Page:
It’s hot out there.
Of course it is. It’s summer. In Florida.
I just got in from a hot fast walk. I don’t usually walk that fast unless I’m trying to outrun a feeling I don’t know how to deal with, or need to shake an answer out of myself.
This time it was both.
What happened? I was feeling pretty good this morning, but then…
I started feeling agitated, upset and (sorry, no other way to phrase this) pissed off. I felt dissatisfaction seep through me and threaten to steal my otherwise productive day. I realized I’d tripped somewhere and fallen into a negative spiral.
Negative spirals are caused when you narrow your mind – usually in response to fear, unworthiness or anger and then you tell yourself stories which take you further and further down into what I call “the rabbit hole”.
How did I get here? It had been a most creative and productive morning.
So what triggered this?
While taking a breather from work on my new E-Course –The Practice of Positive Leadership – I decided to go on Facebook to see what was happening.
I saw colleagues at an important conference that I had chosen not to attend (for very substantial and important reasons.) I saw friends lunching at beachside restaurants and having drinks with colorful umbrellas (I hadn’t been invited.) I saw my grandkids playing at the beach (on the other side of the continent.) I saw friends having good times all over the country (having real summer vacations.) And me, I was stuck here working. Oh woe is me.
“Oh woe is me” can quickly spiral down to convince you that you aren’t good enough, smart enough, thin enough, popular enough or rich enough. It takes your attention and focuses it on all that is wrong, bad and dangerous. Uh-oh.
A downward negative spiral throws you into the kind of rumination that turns on your panic button and turns off your immune system along with the creative part of your brain.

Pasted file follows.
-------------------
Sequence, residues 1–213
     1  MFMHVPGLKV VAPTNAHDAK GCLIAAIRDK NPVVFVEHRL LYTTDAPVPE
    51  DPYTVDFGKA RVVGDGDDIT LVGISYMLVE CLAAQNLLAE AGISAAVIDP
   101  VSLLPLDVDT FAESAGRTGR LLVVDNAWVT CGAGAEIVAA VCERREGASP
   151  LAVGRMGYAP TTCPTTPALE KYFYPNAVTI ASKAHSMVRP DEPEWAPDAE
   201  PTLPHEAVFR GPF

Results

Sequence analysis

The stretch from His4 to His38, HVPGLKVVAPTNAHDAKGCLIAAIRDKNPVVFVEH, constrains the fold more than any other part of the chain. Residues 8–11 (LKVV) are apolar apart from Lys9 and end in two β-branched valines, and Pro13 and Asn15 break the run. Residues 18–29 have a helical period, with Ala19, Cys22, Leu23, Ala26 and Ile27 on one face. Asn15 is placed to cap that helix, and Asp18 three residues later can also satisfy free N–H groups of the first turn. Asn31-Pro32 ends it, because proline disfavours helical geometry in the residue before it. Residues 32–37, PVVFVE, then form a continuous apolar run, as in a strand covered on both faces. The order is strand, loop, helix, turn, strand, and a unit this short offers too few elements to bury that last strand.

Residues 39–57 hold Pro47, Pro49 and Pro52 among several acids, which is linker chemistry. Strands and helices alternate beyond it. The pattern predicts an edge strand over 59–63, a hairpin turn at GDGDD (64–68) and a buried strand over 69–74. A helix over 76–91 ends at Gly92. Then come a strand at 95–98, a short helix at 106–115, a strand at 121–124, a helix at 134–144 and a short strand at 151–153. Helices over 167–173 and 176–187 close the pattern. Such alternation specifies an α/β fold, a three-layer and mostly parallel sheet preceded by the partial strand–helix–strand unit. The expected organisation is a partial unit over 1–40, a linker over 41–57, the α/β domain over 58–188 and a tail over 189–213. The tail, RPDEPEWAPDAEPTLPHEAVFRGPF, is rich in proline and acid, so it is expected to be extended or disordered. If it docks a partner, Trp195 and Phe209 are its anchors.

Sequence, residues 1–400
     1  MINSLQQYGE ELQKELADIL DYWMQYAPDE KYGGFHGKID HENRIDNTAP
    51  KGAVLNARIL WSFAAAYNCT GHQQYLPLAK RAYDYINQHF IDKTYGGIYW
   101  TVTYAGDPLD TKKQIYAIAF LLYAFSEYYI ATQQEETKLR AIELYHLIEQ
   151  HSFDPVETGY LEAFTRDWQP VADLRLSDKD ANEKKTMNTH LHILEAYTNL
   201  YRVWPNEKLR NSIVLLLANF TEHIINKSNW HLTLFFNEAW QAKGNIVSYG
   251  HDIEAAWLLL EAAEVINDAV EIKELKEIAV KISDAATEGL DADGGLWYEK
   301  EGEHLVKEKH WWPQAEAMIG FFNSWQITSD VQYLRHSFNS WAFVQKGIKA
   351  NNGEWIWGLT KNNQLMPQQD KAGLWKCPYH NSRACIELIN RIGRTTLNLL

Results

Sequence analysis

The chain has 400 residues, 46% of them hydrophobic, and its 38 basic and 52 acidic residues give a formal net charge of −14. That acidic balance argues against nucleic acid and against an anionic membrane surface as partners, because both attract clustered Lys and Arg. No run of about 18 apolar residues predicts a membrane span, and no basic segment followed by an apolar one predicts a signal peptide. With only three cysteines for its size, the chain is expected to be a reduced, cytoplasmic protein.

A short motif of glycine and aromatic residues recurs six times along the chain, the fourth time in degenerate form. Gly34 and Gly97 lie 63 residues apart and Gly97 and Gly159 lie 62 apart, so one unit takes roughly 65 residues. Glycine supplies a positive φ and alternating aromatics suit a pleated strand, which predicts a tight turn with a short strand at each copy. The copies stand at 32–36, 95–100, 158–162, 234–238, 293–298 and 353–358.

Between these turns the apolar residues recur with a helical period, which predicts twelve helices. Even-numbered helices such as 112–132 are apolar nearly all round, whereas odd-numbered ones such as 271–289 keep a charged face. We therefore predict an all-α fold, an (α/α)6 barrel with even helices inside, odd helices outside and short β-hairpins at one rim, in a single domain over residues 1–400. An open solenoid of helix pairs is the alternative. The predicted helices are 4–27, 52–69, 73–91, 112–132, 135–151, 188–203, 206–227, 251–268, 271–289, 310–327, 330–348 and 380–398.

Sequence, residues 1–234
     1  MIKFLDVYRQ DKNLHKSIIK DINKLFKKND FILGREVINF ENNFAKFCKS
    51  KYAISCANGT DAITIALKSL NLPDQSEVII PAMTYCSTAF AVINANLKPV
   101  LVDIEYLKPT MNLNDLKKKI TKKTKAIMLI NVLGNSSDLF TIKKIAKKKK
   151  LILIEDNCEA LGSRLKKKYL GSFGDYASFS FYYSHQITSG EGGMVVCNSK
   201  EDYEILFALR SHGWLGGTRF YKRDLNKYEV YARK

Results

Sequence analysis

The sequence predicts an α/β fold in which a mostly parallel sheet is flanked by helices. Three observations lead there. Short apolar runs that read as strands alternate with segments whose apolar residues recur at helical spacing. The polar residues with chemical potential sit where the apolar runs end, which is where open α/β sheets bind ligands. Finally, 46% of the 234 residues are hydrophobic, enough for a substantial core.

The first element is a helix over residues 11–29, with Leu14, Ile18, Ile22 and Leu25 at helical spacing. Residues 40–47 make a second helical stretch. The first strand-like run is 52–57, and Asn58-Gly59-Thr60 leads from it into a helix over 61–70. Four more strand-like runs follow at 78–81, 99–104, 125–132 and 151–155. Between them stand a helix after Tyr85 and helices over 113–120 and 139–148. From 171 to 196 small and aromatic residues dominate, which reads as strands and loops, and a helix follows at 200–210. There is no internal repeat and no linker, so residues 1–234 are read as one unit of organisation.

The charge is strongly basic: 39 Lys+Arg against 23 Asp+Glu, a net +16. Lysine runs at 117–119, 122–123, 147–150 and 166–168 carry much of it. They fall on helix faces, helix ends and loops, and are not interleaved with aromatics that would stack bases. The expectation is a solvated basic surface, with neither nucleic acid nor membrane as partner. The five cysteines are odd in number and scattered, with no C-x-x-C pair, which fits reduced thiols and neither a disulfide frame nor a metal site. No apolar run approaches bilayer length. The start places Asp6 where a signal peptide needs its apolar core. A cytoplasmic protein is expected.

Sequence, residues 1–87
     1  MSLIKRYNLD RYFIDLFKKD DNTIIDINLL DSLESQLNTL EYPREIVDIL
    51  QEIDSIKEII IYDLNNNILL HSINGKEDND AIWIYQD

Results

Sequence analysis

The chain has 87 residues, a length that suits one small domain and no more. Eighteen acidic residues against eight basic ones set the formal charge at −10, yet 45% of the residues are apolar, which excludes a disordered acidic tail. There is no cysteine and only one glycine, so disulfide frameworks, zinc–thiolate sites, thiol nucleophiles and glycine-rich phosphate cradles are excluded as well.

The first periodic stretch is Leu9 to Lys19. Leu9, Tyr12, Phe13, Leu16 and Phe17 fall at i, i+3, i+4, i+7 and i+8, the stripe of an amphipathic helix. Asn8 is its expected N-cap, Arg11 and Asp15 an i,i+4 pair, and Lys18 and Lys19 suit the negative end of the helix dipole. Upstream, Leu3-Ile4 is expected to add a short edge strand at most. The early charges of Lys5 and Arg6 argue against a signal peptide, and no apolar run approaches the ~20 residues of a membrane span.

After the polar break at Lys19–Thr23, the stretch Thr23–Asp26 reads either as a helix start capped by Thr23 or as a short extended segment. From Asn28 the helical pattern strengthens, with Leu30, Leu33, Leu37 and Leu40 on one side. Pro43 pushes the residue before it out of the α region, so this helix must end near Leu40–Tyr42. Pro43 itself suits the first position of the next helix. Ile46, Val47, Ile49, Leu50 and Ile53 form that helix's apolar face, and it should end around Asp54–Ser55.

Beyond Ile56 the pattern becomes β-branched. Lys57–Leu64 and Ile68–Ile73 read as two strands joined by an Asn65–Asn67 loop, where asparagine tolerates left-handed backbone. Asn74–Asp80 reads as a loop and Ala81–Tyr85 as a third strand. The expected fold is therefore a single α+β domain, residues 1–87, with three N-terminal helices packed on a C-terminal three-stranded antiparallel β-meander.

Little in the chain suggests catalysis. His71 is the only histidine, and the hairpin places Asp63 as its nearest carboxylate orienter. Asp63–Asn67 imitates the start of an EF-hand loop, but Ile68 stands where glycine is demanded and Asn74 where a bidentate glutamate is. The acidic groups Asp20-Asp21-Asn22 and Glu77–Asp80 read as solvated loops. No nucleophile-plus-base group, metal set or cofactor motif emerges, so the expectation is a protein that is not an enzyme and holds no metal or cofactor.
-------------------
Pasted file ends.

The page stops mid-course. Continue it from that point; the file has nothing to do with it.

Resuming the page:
My regular practices of positivity usually keep me out of “the rabbit hole” but the “upward comparison” I’d allowed myself to be part of during my Facebook journey brought up all the demons of the deep in my psyche.
Yikes! I can’t have that. How can I be teaching people to outsmart their happiness set-points, when I’d just allowed mine fall into a hole? I need all my creativity and intuition accessible to me. I’m writing a program that will change people’s lives and the lives of those in their communities. I only want to bring my “A” game.
And so I walked. Fast fast fast, until the endorphins kicked in and I could feel the intensity of the emotion begin to subside. As it did I faced the truth about how I got here. Comparing myself to others instead of staying connected to my own truth and my own purpose is a surefire prescription for misery and unhappiness.
As I slowed my pace I began to notice the beautiful brightness of the day, the brilliance of the flowers, and a tiny little green sprout coming up through a crack in the sidewalk.
I stopped for a minute, or maybe more, and let all of my attention rest on that small courageous plant, thinking of what I had just recently written about the Heliotropic Effect – the tendency of all living systems to grow or turn toward something that is life-giving.
I put my hand on my heart, took several deep breaths, looked back up to the brilliance of the day and thought to myself – look for the kind, the true and the beautiful. Feel gratitude deeply. Trust. Smile.
When you savor and deepen your positive emotions, when you share them with others, when you feel connected, your positivity “spirals up” and in its upward movement fills you with the beginnings of hope, optimism, enthusiasm, passion and joy.
When positivity grows it fills you. Energy builds on itself and there is uplift. Upward spirals lift and elevate you creating positive experiences for you and anyone in your vicinity.
By using the power of your attention – and your intention – you, like I, can loosen the force and the grip of the negative spiral, flip it over and turn it into an upward spiral.
If there was ever a helpful leadership skill, it’s this one.
It turns out the whole human system works better when it’s under the influence of positive emotions and the biochemicals and physiological states that result.
One of my teachers, Barbara Fredrickson, coined the term “Broaden and Build Response” to describe what happens as the body and brain are experiencing positivity. She says that “positivity opens us.” It broadens our mindsets and even widens our field of vision.
The next time you start telling the kind of story that’s going to land you in the rabbit hole of negativity, remember, people rarely go into a negative spiral without their imagination fueling the trip.
Be mindful of the instructions you are giving your brain. Watch your story.
Positive leaders pay attention.
Enjoy the day,